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 Posted: Wed Jan 30th, 2008 08:02 pm
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andrch02
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I am in a stage reading of a musical about the life of Helen Keller (note: it's not at all related to "The Miracle Worker"). In it I play Captain Keller. The  playwright is still wrighting the play and is giving us pages as she goes. However I have a question about the language of the time, which Captain Keller would obviously still be using a few decades later.

The word "Lordy" I know is now quite common in southern speech (the playwright is southern). However would someone of Captain Keller's status use the term? The reason it stands out to me is I recall the scene in Gone with the Wind where Prissy yells "Lordy Miss Scarlet I don't know nuthin' about takin' care of a baby" and the other times when black characters use it in the movie. I watched the movie recently and I don't recall a white character using the word at all.

So my question is:

Was the word "Lordy" a southern black colloquial term at the time period of and immediately after the Civil War? And  if it was, when did it become more mainstream in the language?

Any help would be greatly appreciated!

~andrch02



 Posted: Thu Jan 31st, 2008 03:40 pm
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David White
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Can't say I know the answer but I bet some of these books lsited at this link might help:

http://book-smith.tripod.com/civ-war-language.html

You might find these at a local library.

One is actually on line here, but you have to be a member to see the whole thing, not sure if it costs or not:

http://www.questia.com/PM.qst?a=o&d=102001629



 Posted: Thu Jan 31st, 2008 07:30 pm
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ole
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Was the word "Lordy" a southern black colloquial term at the time period of and immediately after the Civil War? And  if it was, when did it become more mainstream in the language?

Suspect that it was. And not something the refined would say. Will have to find that book on language and get back to you.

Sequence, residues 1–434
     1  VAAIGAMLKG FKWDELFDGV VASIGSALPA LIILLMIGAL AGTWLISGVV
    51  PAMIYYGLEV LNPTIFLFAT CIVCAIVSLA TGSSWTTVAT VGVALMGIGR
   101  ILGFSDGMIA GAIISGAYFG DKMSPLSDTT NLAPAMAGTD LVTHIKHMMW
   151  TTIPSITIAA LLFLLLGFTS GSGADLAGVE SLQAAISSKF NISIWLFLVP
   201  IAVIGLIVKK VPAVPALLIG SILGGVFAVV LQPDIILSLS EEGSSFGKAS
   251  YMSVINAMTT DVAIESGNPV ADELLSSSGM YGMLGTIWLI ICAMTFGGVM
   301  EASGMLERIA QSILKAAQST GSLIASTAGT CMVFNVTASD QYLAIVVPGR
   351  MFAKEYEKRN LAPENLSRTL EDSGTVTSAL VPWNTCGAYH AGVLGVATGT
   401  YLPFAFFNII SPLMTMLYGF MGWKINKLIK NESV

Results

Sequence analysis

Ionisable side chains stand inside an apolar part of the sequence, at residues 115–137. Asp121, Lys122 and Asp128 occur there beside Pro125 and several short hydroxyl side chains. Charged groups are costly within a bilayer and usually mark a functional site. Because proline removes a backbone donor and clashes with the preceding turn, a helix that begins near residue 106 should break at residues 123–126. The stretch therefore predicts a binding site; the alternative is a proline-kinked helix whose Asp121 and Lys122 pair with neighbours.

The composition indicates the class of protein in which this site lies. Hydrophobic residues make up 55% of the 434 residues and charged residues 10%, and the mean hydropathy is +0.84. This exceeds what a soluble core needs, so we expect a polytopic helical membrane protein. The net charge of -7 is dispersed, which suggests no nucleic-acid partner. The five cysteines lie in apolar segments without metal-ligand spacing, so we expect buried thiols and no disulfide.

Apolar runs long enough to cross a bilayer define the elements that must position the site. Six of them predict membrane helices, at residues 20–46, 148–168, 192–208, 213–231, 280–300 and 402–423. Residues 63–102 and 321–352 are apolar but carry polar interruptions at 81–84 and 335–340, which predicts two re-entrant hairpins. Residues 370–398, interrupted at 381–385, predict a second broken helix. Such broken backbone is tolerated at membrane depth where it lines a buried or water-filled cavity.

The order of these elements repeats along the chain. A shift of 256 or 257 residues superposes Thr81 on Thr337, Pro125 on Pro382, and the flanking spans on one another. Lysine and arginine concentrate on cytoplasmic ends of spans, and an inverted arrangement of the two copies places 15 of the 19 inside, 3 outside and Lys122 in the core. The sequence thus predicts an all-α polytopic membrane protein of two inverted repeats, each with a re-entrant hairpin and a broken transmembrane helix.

Did it become mainstream?

ole



 Posted: Fri Feb 1st, 2008 01:03 am
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andrch02
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David: Thanks, I'll get right on that!

ole: Yes it did become mainstream apparently, because the author (who is white) says she quite clearly remembers her dead Uncle using it.

Thanks to you both for helping!

~andrch02



 Posted: Fri Feb 1st, 2008 02:12 am
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Dixie Girl
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i guess it just something that people adopt over time just like everything else. it probably was a all black word for a while but some where down the line a few white people started using it to.



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 Posted: Fri Feb 1st, 2008 03:40 am
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ole
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I've never actually heard the word. I've seen it written, but no one has ever said it in my presence. But then, I've not met many people who might be expected to use it. Still determined to find that book. I think it's in the living room.

ole



 Posted: Fri Feb 1st, 2008 04:12 pm
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Johan Steele
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"Lordy" was not a black only word but one usually attributed to the less educated in place of the longer term: "Good Lord!". It was not an uncommon term in the 1860's.

I remember it from my slang dictionary... which for the life of me I can't find.  Curse you house elves!

Last edited on Fri Feb 1st, 2008 07:45 pm by Johan Steele



 Posted: Fri Feb 1st, 2008 04:46 pm
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javal1
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My Slang dictionary says:

Lordy Me (also Lordy): a mild oath or exclamation [colloquial, 1800's to present].

Since this dictionary usually specifies when something is associated with African-American dialect or slang,it makes me think Johan is probably correct.



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